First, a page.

Justin: “That part isn’t straight!”
Me: “What do you mean?”
Justin: “I don’t know, that’s not the way it goes.”
Me: “Justin, this is how I’ve tied your shoes for four weeks now, what is the problem?”
Justin: “I don’t know, it’s just not supposed to be like that.”

Seriously, what is wrong with this knot?

We literally had a variation of this exact conversation after I retied his shoe at least ten times.

Me: “Justin, this is the last time I’m doing this. Like it or not, I’m done.”
Me: “Then you’ll have to wait for your dad to get home and he can tie it.”
Justin: “HE DOESN’T KNOW HOW TO DO IT RIGHT!!! I want YOU to do it!!”
Me: “No. I’m done.” (I went into the bathroom to put my hair up into a hat. Justin started beating on the door.)
Me: “Then take it off and put it back on again. There must be some sand in it.”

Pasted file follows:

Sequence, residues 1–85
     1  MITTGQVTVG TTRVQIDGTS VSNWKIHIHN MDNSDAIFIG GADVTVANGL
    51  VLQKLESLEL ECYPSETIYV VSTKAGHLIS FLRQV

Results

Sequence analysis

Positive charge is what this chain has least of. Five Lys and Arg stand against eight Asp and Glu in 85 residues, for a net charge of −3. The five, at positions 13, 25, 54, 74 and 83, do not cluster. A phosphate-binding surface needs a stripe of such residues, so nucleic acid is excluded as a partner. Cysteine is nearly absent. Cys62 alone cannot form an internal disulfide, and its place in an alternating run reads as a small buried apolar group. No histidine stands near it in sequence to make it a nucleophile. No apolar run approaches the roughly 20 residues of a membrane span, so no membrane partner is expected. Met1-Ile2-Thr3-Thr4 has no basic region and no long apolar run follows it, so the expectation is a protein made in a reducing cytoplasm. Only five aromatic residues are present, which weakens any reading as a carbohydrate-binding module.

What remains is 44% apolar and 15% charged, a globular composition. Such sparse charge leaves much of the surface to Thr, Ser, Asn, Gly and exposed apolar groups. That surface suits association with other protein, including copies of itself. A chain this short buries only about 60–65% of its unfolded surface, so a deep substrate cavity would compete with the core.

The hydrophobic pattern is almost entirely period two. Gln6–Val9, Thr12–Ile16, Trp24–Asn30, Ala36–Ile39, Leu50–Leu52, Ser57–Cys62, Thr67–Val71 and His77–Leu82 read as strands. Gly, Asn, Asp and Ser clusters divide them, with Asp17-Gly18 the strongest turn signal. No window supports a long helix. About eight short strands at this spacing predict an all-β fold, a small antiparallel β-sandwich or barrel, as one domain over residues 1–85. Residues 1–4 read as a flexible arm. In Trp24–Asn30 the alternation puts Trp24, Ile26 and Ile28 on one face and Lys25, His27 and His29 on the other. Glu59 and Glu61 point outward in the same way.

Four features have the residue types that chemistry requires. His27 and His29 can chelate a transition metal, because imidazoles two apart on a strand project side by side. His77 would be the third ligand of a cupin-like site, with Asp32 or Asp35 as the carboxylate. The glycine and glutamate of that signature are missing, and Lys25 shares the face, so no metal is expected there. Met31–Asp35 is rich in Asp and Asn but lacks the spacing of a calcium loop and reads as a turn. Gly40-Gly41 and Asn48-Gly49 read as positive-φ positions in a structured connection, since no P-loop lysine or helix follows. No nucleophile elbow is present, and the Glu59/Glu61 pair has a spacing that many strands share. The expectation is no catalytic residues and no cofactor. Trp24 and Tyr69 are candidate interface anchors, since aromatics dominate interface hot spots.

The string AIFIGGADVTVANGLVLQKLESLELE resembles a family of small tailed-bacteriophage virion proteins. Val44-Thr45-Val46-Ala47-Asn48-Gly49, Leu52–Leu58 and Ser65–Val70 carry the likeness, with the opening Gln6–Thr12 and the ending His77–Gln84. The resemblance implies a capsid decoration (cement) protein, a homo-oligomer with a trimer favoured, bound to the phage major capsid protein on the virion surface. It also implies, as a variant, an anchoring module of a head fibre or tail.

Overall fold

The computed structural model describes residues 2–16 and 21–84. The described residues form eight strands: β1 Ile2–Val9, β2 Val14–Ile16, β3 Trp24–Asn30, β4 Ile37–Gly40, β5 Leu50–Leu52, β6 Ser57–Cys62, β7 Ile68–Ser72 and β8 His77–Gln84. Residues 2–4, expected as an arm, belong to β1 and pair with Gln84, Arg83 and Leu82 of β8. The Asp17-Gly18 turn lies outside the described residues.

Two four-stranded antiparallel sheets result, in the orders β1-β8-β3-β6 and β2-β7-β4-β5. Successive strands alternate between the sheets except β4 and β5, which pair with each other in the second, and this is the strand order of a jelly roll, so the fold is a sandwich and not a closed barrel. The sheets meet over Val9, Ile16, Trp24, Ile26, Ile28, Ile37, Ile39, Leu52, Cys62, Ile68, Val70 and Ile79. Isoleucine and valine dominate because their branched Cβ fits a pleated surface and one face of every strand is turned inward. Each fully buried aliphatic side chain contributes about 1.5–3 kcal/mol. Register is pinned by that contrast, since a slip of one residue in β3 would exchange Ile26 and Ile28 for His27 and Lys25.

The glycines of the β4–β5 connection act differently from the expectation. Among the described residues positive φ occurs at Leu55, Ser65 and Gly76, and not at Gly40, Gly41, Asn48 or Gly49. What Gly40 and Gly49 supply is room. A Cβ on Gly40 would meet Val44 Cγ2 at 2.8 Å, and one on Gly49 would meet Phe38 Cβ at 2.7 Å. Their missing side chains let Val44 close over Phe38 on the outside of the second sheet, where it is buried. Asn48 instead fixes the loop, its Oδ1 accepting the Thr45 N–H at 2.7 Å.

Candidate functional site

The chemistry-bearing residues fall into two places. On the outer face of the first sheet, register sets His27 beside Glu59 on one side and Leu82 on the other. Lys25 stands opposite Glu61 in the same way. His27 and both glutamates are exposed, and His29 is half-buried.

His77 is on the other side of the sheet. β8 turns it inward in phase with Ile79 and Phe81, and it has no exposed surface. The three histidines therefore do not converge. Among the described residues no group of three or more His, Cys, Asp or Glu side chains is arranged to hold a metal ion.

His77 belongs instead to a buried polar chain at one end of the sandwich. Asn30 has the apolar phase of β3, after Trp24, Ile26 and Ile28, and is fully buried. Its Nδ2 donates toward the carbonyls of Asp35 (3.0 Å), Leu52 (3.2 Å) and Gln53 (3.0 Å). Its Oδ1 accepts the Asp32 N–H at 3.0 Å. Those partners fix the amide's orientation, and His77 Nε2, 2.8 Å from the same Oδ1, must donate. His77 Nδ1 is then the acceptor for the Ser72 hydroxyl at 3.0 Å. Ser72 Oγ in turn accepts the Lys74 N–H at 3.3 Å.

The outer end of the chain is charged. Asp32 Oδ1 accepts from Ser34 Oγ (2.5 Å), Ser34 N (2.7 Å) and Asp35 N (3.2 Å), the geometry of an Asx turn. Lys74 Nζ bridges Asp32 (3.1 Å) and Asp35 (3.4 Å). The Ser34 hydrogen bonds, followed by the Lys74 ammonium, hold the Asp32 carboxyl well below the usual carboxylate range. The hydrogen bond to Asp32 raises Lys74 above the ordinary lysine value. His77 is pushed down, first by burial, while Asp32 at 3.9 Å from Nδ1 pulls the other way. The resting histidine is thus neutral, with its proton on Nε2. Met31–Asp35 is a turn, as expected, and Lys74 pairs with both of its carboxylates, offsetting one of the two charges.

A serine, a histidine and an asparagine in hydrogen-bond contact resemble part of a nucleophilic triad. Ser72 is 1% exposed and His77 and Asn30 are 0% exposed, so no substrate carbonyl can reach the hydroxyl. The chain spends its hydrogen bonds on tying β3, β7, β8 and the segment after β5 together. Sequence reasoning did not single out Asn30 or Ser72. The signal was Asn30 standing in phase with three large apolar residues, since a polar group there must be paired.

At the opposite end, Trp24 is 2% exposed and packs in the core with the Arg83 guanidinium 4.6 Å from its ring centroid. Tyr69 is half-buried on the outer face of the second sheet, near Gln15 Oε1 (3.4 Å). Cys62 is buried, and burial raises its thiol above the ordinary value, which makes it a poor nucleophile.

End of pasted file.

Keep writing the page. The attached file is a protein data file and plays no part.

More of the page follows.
Me: “That’s what you need to do to fix it.”
Justin: “I NEED YOU TO HELP ME!!!”
Me: “No, you don’t. Just take off your shoe.”
Justin: (Banging on the door.) “NOOOOOO!!!”

With that I stormed out of the bathroom, forcefully sat him down for a time out, and told him not to move until his dad got home. Meanwhile I had to fix Alex’s doll’s hair again, pack a bag with water, food and bags for Penny, and make sure David and Cameron were ready. As I was doing this somehow Justin was miraculously able to resolve the shoe conundrum on his own. Barry got home, found socks for Alex, and order was restored. Until I told David that since his game would likely finish around the same time as Cameron’s, he’d have to stay at the field for 15 minutes or so until I could pick him up. This was apparently tragedy of epic proportions because even though he could sit and watch part of the next game, or hang out with one of the multitudes of kids he knows who would likely be there in between games, an extra 15 minutes at the ballpark was too difficult for him to fathom. Before he had much of a chance to protest, I dropped him off (But only after turning off the radio at his insistence because Call Me Maybe by Carly Rae Jepson was playing.), and was on my way.

This should not be that complicated, people.